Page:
Red goshawk

Red goshawk
Erythrotriorchis radiatus

Photo by Patrick Ingremeau (PBase)

Common name:
red goshawk (en); açor-vermelho (pt); autour rouge (fr); azor rojo (es); fuchshabicht (de)

Order Falconiformes
Family Accipitridae

This species is endemic to Australia, being sparsely distributed in the northern and north-eastern parts of the country, from western Kimberley Division to north-eastern New South Wales. There are also some records in central Australia probably referring to dispersive individuals.

These birds are 45-60 cm long and have a wingspan of 100-135 cm. The females are larger, weighing around 1,1 kg while the males weigh around 630 g.

The red goshawk is found in coastal and sub-coastal forests, including  moist tropical forests, temperate forests, riverine forests, swamp forests and dry savannas. They are present from sea level up to an altitude of 1.000 m.

They hunt mainly birds, particularly parrots, passerines, kookaburras, pigeons and cuckoos, but occasionally also larger prey such as ducks, herons and megapodes. Mammals, reptiles and insects are rarely taken.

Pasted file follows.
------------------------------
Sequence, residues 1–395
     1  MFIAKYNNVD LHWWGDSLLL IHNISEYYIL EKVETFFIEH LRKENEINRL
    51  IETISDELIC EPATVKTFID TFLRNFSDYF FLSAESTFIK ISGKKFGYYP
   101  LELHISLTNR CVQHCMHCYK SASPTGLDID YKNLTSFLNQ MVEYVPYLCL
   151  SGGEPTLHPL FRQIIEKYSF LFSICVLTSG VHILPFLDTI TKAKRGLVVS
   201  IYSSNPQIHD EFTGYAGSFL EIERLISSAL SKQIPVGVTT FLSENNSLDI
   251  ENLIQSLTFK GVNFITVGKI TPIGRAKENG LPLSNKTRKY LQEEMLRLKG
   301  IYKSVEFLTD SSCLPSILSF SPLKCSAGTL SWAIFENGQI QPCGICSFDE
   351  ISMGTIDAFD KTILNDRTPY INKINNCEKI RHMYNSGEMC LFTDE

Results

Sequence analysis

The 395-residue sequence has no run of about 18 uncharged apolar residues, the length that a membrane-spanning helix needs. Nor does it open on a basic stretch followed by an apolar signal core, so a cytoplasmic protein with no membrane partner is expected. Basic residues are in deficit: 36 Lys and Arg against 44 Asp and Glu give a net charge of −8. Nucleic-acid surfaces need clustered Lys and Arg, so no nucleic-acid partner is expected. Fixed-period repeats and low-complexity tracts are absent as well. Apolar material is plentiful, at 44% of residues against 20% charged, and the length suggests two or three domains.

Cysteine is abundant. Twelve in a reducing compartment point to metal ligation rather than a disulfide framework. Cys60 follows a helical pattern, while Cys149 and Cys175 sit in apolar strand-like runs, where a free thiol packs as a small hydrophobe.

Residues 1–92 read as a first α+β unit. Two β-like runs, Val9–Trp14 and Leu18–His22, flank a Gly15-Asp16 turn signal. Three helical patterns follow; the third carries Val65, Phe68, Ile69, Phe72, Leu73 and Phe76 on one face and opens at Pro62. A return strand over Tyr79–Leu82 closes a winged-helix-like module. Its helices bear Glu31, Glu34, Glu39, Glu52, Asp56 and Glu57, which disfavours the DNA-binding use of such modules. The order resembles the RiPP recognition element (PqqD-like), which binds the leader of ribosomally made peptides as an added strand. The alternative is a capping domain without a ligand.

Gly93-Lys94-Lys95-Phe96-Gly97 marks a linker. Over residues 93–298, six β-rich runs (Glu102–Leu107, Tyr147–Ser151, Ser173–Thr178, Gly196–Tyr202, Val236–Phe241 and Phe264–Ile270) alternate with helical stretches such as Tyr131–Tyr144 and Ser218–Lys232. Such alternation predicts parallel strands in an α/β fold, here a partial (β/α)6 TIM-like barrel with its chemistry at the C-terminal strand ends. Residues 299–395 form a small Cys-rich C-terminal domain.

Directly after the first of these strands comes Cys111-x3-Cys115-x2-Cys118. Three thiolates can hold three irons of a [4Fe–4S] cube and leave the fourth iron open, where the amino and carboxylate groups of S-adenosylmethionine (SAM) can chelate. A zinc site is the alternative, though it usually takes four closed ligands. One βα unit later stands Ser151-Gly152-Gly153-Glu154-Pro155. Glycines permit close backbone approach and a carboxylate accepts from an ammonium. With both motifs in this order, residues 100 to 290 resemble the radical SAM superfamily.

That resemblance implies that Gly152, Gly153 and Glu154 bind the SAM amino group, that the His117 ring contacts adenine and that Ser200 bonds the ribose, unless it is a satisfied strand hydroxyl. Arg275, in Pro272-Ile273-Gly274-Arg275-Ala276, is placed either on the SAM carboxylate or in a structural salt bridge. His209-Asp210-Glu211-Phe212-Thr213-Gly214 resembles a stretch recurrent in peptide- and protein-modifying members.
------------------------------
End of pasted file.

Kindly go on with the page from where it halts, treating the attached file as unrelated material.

Red goshawks breed in My-December. They are probably monogamous and breed in solitary pairs. The nest is a large structure made of dead sticks with a saucer-shaped hollow top, thickly lined with finer twigs and green eucalyptus leaves. It is placed on an exposed fork in a tall tree, 15-30 m above the ground, and within 1 km of a watercourse or wetland. The female lays 1-2 eggs, which she incubates alone for 39-43 days while the male brings her food. The chicks are fed by both parents and fledge 51-53 days after hatching, but continue to be receive food from the parents for another 70–80 days.

IUCN status – NT (Near-Threatened)
This species has a very large breeding range, but the global population is estimated at just 1.000-1.400 individuals. The population may be declining owing to habitat loss in at least eastern Queensland, but the rate of decline is not suspected to be rapid. Historical declines n this species were possibly caused by widespread clearance for agriculture, a problem still affecting the more northern populations. Other threats include egg collecting, forest fires, shooting, pesticide abuse and reduced prey abun­dance caused by loss or degradation of freshwa­ter wetlands, loss of hollow-bearing trees in which prey breed, over-grazing by livestock and feral herbivores, and changed fire regimes.

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